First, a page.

It’s been called a slow-moving crisis.
How will NZ deal with rising seas that threaten it?
Dave Cull calls it a slow-moving disaster.
That might be a tired cliche to describe climate change – a quick Google search will find you more than 300,000 similar references – but Cull can use it with a great degree of candor.
The Dunedin mayor is already reckoning with the monster.
South Dunedin – home to about 10,000 residents – 12 schools – six rest homes and an aged wastewater and stormwater system – sits across a spread of low-lying flats between Otago Harbour and the Pacific Ocean.
‘If you take a situation where there is possible retreat or coastal erosion and it’s affecting privately owned properties – in the case of South Dunedin it’s rather a lot of them – then it’s not imminent but it’s still kind of like a slow-moving earthquake’.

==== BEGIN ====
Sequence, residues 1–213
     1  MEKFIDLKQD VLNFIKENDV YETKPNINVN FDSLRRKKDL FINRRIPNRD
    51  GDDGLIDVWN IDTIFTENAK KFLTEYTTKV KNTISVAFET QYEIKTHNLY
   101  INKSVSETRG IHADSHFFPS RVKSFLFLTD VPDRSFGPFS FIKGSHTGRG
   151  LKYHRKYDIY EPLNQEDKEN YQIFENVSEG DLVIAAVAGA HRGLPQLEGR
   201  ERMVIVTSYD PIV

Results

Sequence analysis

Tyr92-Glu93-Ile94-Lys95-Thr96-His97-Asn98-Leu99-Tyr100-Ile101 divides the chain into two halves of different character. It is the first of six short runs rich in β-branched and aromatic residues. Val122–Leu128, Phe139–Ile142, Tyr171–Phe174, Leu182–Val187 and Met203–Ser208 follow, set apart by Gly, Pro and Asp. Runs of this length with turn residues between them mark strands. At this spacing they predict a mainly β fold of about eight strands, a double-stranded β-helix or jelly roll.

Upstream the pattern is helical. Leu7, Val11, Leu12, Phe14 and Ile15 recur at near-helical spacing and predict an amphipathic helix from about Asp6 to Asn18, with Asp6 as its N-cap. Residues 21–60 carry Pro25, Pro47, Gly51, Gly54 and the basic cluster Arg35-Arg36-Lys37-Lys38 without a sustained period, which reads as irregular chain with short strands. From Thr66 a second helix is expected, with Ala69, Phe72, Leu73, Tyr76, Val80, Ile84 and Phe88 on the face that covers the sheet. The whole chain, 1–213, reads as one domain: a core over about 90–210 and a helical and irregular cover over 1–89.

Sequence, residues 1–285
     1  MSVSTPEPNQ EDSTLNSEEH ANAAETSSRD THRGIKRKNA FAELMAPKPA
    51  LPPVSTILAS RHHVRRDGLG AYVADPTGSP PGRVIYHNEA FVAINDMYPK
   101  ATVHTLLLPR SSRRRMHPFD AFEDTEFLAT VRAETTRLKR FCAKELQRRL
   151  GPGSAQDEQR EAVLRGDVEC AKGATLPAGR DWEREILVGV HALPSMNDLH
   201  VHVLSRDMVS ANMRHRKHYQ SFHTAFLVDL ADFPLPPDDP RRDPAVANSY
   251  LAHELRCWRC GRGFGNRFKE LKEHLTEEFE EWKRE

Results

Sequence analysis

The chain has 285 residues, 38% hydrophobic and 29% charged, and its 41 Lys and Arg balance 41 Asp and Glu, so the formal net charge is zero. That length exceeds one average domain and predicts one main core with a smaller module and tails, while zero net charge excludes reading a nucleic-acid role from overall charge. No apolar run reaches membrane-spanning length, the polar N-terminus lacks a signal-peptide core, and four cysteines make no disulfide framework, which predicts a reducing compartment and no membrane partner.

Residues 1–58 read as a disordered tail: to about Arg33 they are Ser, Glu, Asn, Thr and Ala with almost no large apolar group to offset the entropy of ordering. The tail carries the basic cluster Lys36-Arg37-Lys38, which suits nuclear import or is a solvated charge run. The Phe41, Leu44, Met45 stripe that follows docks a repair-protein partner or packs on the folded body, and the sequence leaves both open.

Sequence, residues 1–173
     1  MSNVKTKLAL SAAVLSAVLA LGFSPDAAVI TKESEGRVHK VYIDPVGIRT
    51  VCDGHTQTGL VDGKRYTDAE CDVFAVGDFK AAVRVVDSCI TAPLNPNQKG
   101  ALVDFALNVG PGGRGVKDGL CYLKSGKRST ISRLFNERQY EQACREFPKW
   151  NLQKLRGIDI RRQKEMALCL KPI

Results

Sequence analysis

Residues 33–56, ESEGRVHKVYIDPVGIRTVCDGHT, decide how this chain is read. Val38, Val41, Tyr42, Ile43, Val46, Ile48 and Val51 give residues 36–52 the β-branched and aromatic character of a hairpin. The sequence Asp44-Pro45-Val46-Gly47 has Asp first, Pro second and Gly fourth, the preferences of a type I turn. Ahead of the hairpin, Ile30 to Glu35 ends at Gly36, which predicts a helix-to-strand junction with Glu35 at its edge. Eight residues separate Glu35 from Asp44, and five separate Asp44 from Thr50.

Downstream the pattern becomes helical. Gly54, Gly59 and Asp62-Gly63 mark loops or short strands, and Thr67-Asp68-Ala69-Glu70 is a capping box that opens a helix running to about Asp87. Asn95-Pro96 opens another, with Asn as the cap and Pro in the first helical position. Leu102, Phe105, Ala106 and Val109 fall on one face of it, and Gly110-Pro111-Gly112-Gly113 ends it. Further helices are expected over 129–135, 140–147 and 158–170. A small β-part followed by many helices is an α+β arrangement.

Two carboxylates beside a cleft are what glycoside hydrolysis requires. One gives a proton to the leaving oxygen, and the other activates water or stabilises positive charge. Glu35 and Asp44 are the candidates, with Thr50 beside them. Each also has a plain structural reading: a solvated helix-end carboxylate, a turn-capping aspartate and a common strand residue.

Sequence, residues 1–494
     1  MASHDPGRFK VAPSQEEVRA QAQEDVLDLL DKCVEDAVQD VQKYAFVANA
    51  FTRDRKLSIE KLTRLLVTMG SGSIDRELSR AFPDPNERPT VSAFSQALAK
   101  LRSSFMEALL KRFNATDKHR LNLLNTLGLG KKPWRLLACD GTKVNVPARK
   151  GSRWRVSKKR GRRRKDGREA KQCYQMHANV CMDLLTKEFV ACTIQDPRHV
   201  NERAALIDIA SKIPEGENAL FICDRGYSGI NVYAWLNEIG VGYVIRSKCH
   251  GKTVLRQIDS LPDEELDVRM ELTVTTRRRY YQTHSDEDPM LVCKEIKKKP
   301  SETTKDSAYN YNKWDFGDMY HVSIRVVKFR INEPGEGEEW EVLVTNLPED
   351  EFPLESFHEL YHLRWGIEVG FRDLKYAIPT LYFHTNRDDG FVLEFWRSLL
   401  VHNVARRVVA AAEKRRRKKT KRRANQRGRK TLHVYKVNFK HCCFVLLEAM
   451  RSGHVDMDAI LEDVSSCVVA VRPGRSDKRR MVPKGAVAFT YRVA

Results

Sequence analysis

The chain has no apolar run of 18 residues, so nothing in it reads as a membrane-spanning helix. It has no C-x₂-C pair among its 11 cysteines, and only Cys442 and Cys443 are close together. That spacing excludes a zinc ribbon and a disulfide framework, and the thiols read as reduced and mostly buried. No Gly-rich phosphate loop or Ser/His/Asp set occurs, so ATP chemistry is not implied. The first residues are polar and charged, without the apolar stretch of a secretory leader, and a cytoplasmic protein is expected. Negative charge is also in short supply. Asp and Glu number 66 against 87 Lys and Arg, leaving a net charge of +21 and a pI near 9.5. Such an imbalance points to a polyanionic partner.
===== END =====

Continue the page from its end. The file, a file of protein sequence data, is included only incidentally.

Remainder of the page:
Other hot spots include Haumoana in Hawke’s Bay where 2m of coastline was recently washed away in a week and Matata in Bay of Plenty which may have set one of the country’s first climate-related precedents after the council removed the land rights of 34 at-risk seaside homes.
But if the sea level rose according to official projections those localised issues would become a drop in the rising ocean.
Two-thirds of us already live in areas prone to flooding.
As more people and infrastructure concentrate in our largest cities the risk would only grow.